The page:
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Iran's Foreign Minister Talks Free Will, Dignity, Standing Your Ground on YouTube

BY Jessica McKenzie | Tuesday, November 19 2013

“Imagine being told that you cannot do what everyone else is doing, what everyone else is allowed to do. Will you back down? Would you relent? Or would you stand your ground.”

These are some of the opening questions from Iran's Foreign Minister Javad Zarif in a message on the “unnecessary crisis” over nuclear energy, which was posted on YouTube today.

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WeGov

Mediastan: A Travelogue of "Comparative Censorship"

BY Jessica McKenzie | Tuesday, October 15 2013

Opening credits of Mediastan

Julian Assange's contempt for The Fifth Estate is no secret. In a statement about the Dreamwork's film about WikiLeaks, Assange called it “a geriatric snoozefest that only the US government could love.” As an alternative to that “Hollywood propaganda,” Assange suggests viewers interested in WikiLeaks watch the documentary Mediastan, which is billed as “a WikiLeaks road movie.”

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WeGov

Saudi Arabia Blocks Online Petition to Lift Ban on Women Drivers

BY Jessica McKenzie | Thursday, October 10 2013

An alternative headline

The drive to get Saudi women behind the wheel has been long and arduous. Women have been protesting the ban on women drivers since the early '90s. An online petition created in September has thrust the issue into the spotlight once more, with everyone from the religious police to pseudo-scientists weighing in. In what seems like promising news, three women, members of the council that advises King Abdullah, recommended earlier this week that the ban on women driving be lifted. But the country-wide blocking of the online petition suggests authorities are not yet ready to listen, in spite of their claims otherwise.

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WeGov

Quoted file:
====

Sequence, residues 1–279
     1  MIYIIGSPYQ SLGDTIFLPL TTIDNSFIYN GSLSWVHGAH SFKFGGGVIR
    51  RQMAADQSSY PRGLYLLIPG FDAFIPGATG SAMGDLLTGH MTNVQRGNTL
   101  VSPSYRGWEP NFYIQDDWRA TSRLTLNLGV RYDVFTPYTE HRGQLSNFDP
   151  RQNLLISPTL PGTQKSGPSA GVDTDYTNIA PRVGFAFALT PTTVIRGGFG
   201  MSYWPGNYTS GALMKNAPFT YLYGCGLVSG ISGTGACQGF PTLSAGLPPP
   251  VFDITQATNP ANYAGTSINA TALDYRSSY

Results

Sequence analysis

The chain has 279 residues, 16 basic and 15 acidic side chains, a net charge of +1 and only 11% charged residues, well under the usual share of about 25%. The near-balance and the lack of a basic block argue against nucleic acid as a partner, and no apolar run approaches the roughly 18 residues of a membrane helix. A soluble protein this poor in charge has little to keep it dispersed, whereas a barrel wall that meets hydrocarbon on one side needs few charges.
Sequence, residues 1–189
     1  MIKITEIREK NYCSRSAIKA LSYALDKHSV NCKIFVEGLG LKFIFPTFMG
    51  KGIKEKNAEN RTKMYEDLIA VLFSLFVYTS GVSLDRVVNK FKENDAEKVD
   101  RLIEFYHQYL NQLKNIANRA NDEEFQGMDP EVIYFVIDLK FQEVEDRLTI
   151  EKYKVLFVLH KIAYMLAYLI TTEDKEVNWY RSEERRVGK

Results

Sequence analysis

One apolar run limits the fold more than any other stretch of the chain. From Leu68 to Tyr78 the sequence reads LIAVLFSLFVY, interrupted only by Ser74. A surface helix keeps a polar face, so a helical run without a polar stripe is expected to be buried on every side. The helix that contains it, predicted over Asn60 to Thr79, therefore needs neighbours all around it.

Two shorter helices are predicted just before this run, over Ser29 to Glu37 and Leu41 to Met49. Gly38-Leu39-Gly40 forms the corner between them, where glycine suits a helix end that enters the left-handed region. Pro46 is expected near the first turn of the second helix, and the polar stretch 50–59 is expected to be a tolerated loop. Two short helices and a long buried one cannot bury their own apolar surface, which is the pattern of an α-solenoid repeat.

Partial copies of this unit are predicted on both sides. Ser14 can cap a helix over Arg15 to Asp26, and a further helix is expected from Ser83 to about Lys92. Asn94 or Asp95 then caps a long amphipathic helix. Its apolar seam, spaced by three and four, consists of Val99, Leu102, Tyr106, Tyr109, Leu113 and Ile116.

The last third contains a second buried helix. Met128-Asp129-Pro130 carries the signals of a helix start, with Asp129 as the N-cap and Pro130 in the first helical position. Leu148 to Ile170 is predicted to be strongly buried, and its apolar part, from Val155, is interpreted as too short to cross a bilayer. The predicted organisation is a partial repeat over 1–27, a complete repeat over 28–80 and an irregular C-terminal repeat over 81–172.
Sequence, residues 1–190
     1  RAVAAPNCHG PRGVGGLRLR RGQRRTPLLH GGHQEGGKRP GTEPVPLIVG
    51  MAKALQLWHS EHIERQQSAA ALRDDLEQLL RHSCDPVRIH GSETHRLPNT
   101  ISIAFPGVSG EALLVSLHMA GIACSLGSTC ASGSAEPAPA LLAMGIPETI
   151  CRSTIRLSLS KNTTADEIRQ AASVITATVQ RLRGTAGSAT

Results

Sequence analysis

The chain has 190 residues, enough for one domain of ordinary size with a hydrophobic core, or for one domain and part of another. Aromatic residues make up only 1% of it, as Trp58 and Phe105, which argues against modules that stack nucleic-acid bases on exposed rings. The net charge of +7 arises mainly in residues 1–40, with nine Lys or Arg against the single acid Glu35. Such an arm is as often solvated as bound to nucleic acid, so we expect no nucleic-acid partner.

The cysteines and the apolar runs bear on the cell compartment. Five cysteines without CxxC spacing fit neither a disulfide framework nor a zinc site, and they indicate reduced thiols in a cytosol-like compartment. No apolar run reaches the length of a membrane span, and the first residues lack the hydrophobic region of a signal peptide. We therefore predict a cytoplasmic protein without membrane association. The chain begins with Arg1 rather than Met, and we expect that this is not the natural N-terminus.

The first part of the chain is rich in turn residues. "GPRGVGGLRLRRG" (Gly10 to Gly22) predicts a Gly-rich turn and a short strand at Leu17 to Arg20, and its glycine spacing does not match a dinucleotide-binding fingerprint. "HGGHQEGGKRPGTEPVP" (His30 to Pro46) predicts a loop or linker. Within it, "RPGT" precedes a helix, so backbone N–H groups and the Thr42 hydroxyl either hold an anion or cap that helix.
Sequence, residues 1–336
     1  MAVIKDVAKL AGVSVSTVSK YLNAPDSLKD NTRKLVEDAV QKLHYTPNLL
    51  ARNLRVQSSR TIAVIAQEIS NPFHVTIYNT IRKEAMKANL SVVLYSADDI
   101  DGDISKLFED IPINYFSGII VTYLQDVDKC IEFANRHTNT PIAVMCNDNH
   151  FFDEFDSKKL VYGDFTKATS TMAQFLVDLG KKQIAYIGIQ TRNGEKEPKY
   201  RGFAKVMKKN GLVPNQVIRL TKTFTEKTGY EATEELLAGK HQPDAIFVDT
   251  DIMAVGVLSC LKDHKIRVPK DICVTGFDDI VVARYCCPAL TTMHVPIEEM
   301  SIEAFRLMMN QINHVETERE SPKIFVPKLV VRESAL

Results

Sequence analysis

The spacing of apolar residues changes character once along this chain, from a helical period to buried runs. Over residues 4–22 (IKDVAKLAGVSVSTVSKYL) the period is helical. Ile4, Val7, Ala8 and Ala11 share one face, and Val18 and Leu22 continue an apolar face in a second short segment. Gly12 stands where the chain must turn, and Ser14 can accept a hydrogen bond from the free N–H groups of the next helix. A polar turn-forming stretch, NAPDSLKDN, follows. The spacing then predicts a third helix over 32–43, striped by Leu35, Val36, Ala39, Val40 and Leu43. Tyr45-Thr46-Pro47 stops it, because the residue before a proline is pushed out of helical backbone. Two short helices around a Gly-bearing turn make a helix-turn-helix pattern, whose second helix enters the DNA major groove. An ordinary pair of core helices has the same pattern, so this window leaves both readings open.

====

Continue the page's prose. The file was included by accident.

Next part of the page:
Jack Dorsey Tweets @HassanRouhani About Access to Twitter in Iran

BY Jessica McKenzie | Tuesday, October 1 2013

The President of Iran is tweeting with Jack Dorsey. Read More

WeGov

Turkey's Ruling Party Training Social Media Reps to Counter Opposition's Online Presence

BY Jessica McKenzie | Tuesday, September 17 2013

They say if you can't beat 'em, join 'em, and it appears that the Turkish government is taking that advice to heart. The ruling Justice and Development Party (or AKP) is training 6,000 social media representatives to counter the strong online presence of the opposition and those who participated in the Gezi protests in June.

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WeGov

In Abu Dhabi, A Government-Led "Civic" App Is Surprisingly Popular

BY Jessica McKenzie | Thursday, September 12 2013

A simple, free smartphone application called CityGuard has given thousands of Abu Dhabi residents the opportunity to be more involved in maintaining their communities. The government-developed mobile application allows citizens to report civic issues with just a few swipes on their smartphones. According to FutureGov Asia, the crowdsourcing initiative is surprising popular and successful. The app is the “cornerstone” of the Abu Dhabi government's initiative to empower and engage citizens through technology.

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WeGov

Did 15 Of Iran's Cabinet Members Sign Up For Facebook, Or Have We Been Punk'd?

BY Jessica McKenzie | Tuesday, September 10 2013

Screenshot of Hasan Rouhani's alleged Facebook page

Did Iran's entire Cabinet—15 ministers in total—just open Facebook pages? It appears so, and analysts are a bit unsure what to make of it, considering the social media site is still technically banned in the country. President Hasan Rouhani also has a page that has been duly liked by all 15 ministers.

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WeGov

New and Old Media Collide in Saudi Twitter Radio Station

BY Jessica McKenzie | Tuesday, September 10 2013

Several Saudi bloggers have launched a weekly, two-hour long program called Radio-Twitter, which takes cues and tips from Twitter trends. Radio-Twitter emphasizes news of interest to the young and connected population in Saudi Arabia.

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WeGov

Lebanese Army Tries to Stem Tide of Violence With New Smartphone App

BY Jessica McKenzie | Tuesday, September 3 2013

Fireworks or gunshots? Who knows--check Way to Safety (baron valium/Flickr)

Tech-savvy entrepreneurs in Lebanon are making the streets safer to walk by warning users of gunfights, roadblocks and other hazards. The smartphone app Ma2too3a takes crowdsourced information about protests, traffic and conflict and maps it. Another app analyzes sounds and can tell you if what you're hearing is gunfire or something less threatening, like fireworks. Taking their cues from the public demand for this kind of tool, the Lebanese army last week released their own security app called LAF Shield.

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